Bob Wilber (Clarinet/Saxes - USA)
Bob Wilber is an internationally renowned instrumentalist, arranger and composer who has been a leading figure in keeping the spirit of classic jazz alive.
His association with jazz came about at an early age. He recalls having heard “Mood Indigo” by Duke Ellington when he was only three years old! In high school he studied clarinet and then formed a band with Dick Wellstood and Ed Hubble known as “The Wildcats”. This band of teenagers went on to sit in at Jimmy Ryan’s club in New York. During this time he studied and lived with Sidney Bechet. In 1948 he played at the Nice Jazz Festival and toured France with Mezz Mezzrow. Then for two years he led a band at Boston’s Savoy Club.
By the 1950’s Wilber was searching for his own voice, studying classical clarinet with Leon Russianoff and jazz with Lennie Tristano and Lee Konitz. In 1954 he formed “The Six” a group that combined elements of traditional and modern jazz. After two years of touring and recording three LP’s he joined Eddie Condon’s band, playing at Eddie’s club and touring England. He wound up the decade playing with Bobby Hackett in New York and touring with Benny Goodman’s big band.
In the 1960’s Wilber was freelancing in New York with the likes of Ruby Braff and Bud Freeman, making records for Music Minus One and working for Jackie Gleason with Max Kaminski’s band. In 1968 his “Music of Hoagy Charmichael” LP was nominated for a Grammy Award. In 1969 Wilber became a founding member of the “World’s Greatest Jazz Band”, led by Yank Lawson and Bob Haggart that featured Bud Freeman, Billy Butterfield, Ralph Sutton and other stars. He stayed with them until 1974 when he teamed up with Kenny Davern to form “Soprano Summit” which featured the unique sound of two soprano saxophones. They toured the US, Europe and South Africa, recording nine LPs. He also was on the board of The New York Jazz Repertory Orchestra which gave a series of concerts at Carnegie Hall and toured Russia in 1975. In 1981 he and his wife, singer Pug Horton, formed “The Bechet Legacy”, a six piece band which set out to celebrate the musical heritage of Sidney Bechet. During this time they set up their own record label Bodeswell and recorded seven LPs including The Bechet Legacy, Reflections and The Music of King Oliver’s Jazz Band. He arranged the Ellington recreations for the movie “The Cotton Club” in 1984 for director Francis Ford Coppola which won him a Grammy. In 1983 he became the first director of The Smithsonian Jazz Repertory Ensemble which toured the United States for three years. In 1988 Wilber led bands at both Carnegie Hall in New York and Royal Festival Hall in London to celebrate the 50th anniversary of Benny Goodman’s famous 1938 concert. Since then he has continued to lead his small groups and large orchestras for work around the world. He also received critical acclaim when he wrote his memoirs “Music Was Not Enough.” In 1996 Wilber received “The Three Key Award” at the Bern Jazz Festival. (Previous recipients were Oscar Peterson, Benny Carter, Milt Hinton, Clark Terry and George Wein).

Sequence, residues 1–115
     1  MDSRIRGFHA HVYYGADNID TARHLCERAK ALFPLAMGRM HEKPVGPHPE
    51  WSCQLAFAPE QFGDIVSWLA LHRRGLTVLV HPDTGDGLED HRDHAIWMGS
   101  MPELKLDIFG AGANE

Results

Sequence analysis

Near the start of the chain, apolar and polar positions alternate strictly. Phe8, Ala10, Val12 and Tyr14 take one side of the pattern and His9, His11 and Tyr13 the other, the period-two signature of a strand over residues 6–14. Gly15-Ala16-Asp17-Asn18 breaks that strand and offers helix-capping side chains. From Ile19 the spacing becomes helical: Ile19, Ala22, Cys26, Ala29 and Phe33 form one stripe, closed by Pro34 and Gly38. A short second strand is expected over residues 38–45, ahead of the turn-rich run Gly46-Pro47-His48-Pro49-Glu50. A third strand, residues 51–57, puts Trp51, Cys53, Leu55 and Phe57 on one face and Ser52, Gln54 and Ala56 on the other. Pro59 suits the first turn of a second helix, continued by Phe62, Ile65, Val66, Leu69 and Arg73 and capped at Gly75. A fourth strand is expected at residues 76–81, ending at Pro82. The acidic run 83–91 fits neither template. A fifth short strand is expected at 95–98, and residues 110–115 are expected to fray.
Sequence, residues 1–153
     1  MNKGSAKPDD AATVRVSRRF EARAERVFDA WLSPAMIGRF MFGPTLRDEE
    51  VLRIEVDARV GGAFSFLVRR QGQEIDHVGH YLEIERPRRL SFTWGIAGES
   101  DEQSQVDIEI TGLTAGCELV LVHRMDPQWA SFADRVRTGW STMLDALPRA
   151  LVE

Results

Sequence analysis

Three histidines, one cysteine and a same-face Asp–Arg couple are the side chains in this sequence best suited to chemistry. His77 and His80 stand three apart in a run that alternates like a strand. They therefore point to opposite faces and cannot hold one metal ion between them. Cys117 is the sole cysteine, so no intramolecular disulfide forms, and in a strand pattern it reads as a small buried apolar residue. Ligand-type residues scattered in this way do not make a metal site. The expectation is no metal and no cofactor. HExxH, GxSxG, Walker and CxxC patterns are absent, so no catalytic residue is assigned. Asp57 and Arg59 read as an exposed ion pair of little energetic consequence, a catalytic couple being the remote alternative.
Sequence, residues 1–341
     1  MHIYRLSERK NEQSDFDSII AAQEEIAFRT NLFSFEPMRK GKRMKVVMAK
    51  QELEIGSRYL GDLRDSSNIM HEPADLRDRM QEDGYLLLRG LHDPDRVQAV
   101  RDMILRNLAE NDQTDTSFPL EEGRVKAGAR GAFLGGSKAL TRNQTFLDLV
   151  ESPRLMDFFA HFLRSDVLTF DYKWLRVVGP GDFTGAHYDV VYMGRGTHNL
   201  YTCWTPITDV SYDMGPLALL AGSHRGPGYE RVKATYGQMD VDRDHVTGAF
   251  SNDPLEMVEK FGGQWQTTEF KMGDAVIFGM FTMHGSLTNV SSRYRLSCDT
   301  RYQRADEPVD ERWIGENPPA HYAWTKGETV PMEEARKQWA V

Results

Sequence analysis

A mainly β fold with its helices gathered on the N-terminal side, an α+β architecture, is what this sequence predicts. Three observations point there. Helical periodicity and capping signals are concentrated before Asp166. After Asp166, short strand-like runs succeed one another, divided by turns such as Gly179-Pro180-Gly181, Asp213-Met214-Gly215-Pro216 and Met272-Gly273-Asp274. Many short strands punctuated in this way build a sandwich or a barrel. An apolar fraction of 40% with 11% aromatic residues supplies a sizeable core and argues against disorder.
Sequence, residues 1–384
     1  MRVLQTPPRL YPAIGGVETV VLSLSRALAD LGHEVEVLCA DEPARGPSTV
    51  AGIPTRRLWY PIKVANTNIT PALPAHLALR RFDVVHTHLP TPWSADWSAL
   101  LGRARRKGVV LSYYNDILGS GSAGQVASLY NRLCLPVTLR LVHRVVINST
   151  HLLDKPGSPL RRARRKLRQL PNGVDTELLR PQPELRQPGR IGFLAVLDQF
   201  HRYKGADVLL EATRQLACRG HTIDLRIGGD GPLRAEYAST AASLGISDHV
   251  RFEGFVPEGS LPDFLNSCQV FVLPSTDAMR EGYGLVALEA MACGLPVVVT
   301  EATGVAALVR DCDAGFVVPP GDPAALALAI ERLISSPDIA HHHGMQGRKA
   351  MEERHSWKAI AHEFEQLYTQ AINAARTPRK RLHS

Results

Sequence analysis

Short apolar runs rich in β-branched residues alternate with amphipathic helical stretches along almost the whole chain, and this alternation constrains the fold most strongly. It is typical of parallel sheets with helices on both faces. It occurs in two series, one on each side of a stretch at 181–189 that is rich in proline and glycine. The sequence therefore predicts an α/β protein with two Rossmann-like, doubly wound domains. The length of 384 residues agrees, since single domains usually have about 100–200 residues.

To this day Bob Wilber continues to create and play music that is a tasteful and exciting exploration of classic jazz. He has been nominated to receive an Honorary Doctorate of Music from Hamilton College in Clinton, New York in 1998. (Past awards have gone to Sweets Edison, Milt Hinton, Clark Terry and Marian McPartland).
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Bob Wilber does not have a web site at present